Similar to other complications during labor due to fibroids, it depends on how large your fibroids are and where they are located within your uterus. Fibroids that grow inside the uterine cavity, compared to ones that grow within the uterine wall are more likely to cause issues. According to the NCBI, women with fibroids are at a 3.7-fold increased risk of cesarean delivery.

Even though women with fibroids are at an increased risk for delivering non-vaginally, having a cesarean section and fibroids shouldn’t stress you out. It’s important to note that c-section births with fibroids are typically safe for both mother and baby. With modern medical techniques, doctors are able to perform c-sections easily with very few complications during labor. In many cases, babies can be delivered fvia c-section even while large fibroids are present.

After you have fully recovered from postpartum, your fibroids can easily be treated through nonsurgical treatments like Uterine Fibroid Embolization (UFE).

Other Potential Fibroids and Pregnancy Complications

Even with modern medicine, labor and delivery can lead to potential complications. It’s important to be aware of some of the less common fibroids and pregnancy complications such as:

  • Miscarriage during pregnancy (usually within the first or second term)
  • Placenta abruption (when the placenta separates from the inner wall of the uterus before birth)
  • Malpresentation (abnormal positioning of a fetus at the time of delivery)
  • Labor dystocia (obstructed path of the fetus during delivery)
  • Postpartum hemorrhage (heavy bleeding after the birth)

Thankfully, many of these less common complications during labor due to fibroids can be rectified by modern medical techniques.

Could Fibroids Rupture During Labor?

If you’re worried about your fibroids rupturing during labor, we can put your concerns to ease. Spontaneous uterine fibroid rupture, where the fibroids burst open, during pregnancy or labor is extremely rare. In fact, fibroid bursts in a non-laboring uterus is already rare – less than 10 people have reported this happening in the last decade.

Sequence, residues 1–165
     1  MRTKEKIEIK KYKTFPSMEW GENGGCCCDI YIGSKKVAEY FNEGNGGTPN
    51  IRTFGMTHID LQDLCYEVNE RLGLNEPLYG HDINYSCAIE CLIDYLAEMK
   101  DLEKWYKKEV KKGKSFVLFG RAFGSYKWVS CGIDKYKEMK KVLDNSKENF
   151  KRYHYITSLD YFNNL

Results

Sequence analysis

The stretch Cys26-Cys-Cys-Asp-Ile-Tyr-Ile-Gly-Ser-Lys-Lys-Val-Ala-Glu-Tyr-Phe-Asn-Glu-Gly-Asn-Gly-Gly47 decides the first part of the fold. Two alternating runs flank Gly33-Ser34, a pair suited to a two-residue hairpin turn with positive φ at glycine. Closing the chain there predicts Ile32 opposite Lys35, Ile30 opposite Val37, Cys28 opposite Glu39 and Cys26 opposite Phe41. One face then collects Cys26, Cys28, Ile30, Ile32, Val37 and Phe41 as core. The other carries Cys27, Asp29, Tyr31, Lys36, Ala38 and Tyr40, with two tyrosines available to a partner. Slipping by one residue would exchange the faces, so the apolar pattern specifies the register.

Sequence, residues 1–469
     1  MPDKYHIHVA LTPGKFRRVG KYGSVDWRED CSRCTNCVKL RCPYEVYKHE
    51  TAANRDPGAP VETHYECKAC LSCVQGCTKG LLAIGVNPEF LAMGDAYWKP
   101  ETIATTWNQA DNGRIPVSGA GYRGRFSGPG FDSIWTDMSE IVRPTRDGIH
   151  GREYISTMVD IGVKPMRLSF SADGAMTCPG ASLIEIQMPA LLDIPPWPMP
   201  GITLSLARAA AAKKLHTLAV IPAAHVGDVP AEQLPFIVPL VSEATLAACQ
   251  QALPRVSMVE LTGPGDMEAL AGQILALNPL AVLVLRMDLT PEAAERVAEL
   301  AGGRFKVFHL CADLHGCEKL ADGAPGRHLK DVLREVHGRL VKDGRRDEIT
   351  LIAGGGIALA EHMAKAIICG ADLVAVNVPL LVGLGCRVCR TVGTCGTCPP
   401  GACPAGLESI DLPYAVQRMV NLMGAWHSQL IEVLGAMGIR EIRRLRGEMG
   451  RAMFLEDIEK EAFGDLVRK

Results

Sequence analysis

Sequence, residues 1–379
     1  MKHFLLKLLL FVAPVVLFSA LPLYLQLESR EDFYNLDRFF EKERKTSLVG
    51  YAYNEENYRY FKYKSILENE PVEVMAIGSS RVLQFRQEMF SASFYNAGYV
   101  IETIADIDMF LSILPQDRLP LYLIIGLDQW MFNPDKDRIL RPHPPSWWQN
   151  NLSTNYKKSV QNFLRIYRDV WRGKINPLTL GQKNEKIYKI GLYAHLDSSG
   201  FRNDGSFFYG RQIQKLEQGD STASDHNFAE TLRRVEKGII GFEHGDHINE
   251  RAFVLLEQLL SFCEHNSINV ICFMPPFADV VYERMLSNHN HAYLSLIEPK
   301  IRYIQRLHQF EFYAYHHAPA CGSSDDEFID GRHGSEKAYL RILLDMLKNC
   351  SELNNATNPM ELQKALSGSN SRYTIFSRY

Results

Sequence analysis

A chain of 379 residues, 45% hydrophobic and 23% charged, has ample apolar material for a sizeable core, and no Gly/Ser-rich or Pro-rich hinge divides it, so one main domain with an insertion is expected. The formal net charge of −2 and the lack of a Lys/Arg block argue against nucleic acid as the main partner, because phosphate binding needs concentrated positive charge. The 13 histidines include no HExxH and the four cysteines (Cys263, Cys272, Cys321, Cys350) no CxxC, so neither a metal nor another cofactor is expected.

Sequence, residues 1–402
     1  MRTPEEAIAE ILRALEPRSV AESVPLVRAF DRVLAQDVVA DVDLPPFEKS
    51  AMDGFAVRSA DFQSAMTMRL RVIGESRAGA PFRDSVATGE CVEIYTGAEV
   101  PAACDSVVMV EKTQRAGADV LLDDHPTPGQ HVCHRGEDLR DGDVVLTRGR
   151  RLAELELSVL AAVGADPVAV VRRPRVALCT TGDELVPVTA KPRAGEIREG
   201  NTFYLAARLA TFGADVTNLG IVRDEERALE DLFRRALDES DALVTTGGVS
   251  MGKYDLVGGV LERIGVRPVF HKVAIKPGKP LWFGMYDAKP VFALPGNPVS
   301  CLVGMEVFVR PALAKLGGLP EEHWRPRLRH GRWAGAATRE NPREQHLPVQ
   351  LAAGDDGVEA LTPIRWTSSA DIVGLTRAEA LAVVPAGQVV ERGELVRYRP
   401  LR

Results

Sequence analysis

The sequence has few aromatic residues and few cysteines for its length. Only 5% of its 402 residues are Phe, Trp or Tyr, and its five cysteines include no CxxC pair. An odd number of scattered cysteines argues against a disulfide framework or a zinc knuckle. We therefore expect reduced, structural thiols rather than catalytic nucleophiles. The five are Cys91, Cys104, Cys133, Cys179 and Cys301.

Even as you push a tiny human being out with immense pressure, your fibroids will stay intact within the uterus. In addition, women passing uterine fibroids during vaginal delivery is also a rare occurrence.

Treatment for Fibroids After Delivery

If you’re worried about your fibroids and labor, you shouldn’t be. The first step is to talk with a fibroid specialist before giving birth. Your first ultrasound, usually done between the 6 to 8-week mark, may indicate if you have fibroids. Talking about potential complications during labor caused by fibroids, shouldn’t be a scary subject. Ask your doctor as many questions as possible and let them know any symptoms you may be experiencing along the way.

When you’ve recovered from postpartum, we are here to help you find the right fibroid treatment that fits your individual needs. The Fibroid Fighters Foundation helps women like you find treatment options and centers that can help ease your fibroid pain or bleeding. If you’re thinking that the last thing you want to endure is another hospital stay, we completely understand!

Thankfully, there are nonsurgical treatment options like Uterine Fibroid Embolization (UFE) where you can get fibroids treated in an outpatient setting with no anesthesia or overnight stay. When you’re ready to take the next step to a healthier life, we’ll be here. Feel free to contact us online or give us a call at 855.455.5262.